WHO’S REALLY A NOVELIST?
by Melodie Johnson Howe
In today’s (I’m writing this on Monday) Los Angeles Times I read that screenwriters are taking the time, due to the strike, to write the novels they’ve always wanted to write. However, many of them are coming up against the stark reality of the publishing world. Money. Forget the big advance. There is another stark reality. Many of them are not novelists. Now there are some excellent screenwriters who are also good authors, but making the transition from one medium to other does not usually work.
The agent, Mary Evans says, “Oftentimes, you shudder when a screenwriter has written a manuscript. Because they tend to be strong with dialogue but crappy with context, [you can tell the agent by the adjectives she uses –MJH] and novels are all about creating the proper context for the story … Screenwriters are attracted to novel writing because they can let their freak flag fly and just write what they want, but the truly talented novelist-slash- screenwriter is very rare.”
Hmm. Freak flag?
In the Sunday L.A. Times Book Review section, it seems according to Richard Shickel that ex-CIA spies have a hard time making the transition from wet work to storytelling. Of course there are ex-spies who have turned out to be great writers. John LeCarré and Graham Greene come to mind. But Schickel does make some thoughtful observations.
He writes, “Truth, particularly in genre fiction, is a greatly overrated commodity. It is the business of spy novels — or, for that matter, detective stories, sci-fi epics and Western adventures — to create persuasively absorbing alternative universes, places to which we can repair without feeling like perfect fools while the airplane idles away in its gate hold.”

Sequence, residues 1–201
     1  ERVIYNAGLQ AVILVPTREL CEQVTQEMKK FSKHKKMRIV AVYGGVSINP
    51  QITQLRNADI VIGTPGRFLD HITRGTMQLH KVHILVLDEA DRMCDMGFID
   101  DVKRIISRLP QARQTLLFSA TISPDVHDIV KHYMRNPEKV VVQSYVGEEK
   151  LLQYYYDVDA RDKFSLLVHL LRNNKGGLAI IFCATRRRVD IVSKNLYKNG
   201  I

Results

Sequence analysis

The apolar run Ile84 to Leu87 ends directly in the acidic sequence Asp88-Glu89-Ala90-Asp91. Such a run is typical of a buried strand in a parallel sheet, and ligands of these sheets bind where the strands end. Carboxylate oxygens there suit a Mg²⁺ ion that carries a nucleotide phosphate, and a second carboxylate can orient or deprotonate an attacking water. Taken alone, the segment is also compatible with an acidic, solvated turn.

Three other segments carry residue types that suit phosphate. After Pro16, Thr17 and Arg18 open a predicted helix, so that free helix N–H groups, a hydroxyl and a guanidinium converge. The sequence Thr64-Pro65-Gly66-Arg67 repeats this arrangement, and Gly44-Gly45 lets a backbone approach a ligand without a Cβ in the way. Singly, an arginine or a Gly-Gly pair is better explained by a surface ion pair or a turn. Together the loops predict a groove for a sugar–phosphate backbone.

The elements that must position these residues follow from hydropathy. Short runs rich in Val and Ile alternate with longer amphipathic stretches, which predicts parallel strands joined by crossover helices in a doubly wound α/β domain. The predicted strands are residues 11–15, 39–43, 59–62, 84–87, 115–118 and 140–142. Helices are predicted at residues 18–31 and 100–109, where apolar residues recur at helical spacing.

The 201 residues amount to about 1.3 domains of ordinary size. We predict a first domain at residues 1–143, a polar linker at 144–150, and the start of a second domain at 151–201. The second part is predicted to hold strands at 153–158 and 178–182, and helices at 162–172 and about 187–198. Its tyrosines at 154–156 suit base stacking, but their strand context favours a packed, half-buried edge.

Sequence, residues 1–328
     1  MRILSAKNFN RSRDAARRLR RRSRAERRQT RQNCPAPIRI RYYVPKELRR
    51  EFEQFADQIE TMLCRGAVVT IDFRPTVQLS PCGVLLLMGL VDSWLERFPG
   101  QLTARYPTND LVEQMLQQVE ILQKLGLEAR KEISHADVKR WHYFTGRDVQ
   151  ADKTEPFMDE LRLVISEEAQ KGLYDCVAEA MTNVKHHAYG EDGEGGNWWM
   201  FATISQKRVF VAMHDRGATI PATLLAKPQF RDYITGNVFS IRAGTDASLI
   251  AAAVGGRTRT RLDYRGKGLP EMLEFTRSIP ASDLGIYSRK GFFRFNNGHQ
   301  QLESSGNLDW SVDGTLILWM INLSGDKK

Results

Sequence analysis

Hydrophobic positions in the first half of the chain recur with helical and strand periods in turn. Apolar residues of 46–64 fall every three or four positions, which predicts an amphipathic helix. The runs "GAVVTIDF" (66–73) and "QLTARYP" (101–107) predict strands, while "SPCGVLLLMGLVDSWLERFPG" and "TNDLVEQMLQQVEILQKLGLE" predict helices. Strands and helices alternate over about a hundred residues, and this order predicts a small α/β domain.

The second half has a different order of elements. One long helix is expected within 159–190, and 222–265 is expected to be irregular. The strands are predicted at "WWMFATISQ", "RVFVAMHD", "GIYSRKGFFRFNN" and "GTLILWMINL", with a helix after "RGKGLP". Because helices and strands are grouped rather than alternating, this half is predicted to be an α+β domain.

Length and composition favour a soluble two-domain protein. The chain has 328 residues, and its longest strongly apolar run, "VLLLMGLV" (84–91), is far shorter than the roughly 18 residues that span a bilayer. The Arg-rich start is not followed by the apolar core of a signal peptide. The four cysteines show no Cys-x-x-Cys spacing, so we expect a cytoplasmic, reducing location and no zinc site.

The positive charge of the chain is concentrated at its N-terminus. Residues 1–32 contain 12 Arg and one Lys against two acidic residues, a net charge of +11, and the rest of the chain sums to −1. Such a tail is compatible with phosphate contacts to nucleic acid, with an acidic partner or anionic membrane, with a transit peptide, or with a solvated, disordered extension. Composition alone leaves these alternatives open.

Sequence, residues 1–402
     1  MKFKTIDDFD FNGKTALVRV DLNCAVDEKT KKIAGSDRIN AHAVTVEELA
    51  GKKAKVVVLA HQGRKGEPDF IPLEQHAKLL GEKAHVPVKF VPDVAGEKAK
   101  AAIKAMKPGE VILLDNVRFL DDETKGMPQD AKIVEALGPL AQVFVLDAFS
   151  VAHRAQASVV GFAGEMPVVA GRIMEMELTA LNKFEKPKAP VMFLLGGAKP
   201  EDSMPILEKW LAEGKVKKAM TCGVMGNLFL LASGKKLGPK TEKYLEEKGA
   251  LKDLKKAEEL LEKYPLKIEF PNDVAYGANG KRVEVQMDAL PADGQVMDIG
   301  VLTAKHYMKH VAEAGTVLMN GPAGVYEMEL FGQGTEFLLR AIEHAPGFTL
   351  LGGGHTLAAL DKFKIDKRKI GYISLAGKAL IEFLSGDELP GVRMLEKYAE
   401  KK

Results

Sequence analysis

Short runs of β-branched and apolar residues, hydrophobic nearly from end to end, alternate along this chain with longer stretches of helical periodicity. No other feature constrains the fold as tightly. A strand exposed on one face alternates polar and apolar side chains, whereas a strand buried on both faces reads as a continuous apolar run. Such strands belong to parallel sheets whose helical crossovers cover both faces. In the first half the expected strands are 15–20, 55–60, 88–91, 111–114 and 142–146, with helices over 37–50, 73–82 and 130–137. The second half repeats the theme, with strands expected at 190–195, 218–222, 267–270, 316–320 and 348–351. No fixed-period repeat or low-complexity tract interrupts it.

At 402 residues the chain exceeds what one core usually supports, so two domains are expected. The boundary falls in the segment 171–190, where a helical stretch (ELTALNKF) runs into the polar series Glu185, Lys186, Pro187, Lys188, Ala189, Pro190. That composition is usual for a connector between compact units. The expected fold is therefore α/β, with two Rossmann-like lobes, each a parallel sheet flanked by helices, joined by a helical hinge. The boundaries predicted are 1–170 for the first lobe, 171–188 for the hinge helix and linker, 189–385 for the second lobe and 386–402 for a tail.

Alas, we poor genre writers will always be creating for that numbing period of time between waiting for the plane and take off.
“That’s why the best of these novels tend to be more stylishly and energetically written than most popular fictions; why indeed, they deploy many of the more interesting devices of the classic novels (you can nearly always find trace elements of the great 19th century novelistic tradition in them) …”
Schickel goes on to say that this ex-spy had none of these qualities in his work.
So what do to these two articles have in common? Something that seems rather obvious to me … not everybody can write a novel. You may have lived a life that is worthy of a book (as many wanna-be writers seem to have had), but that doesn’t mean you have the ability to capture it, to give it a universal meaning, or to make a reader want to spend their time in your life.
And as for screenwriters who do create with words? Well, so do poets, but that doesn’t make them great prose writers. I think in the heart and soul of the screenwriter there is a special longing to be a novelist. To be in control of your creation. To not be rewritten by others. I also think that if you are used to or conditioned to being rewritten, it creates a mind set that is difficult to let go of when you sit down alone to face the computer and try to figure out how to fill 350 pages. Or as the agent put it, “wave the freak flag.” What does that mean?
Mark Haskell Smith, one of the screenwriters in the article who did make the transition, is published by Grove Press. But he also has to take on odd jobs such as teaching and editing to pay the bills. “I feel really lucky that I have a book agent and a publisher…. But it’s not easy. That’s the truth.”
It’s not easy. But if you have the glorious disease of being a fiction writer then you can’t help yourself. You just do it. Big bucks or no bucks. Acceptance or rejection. You write. That’s what your life is about.
When I lived in trendy Brentwood in Los Angeles I had a Maytag repairman (don’t listen to the commercials) who came to fix the dryer. When he finished he walked into my office and saw me sitting at the computer.
“Are you a writer?” he asked.
“Yes, I’m writing a novel,” I replied.
He looked at me in total dismay and said, “Well, maybe one day you’ll write a screenplay.”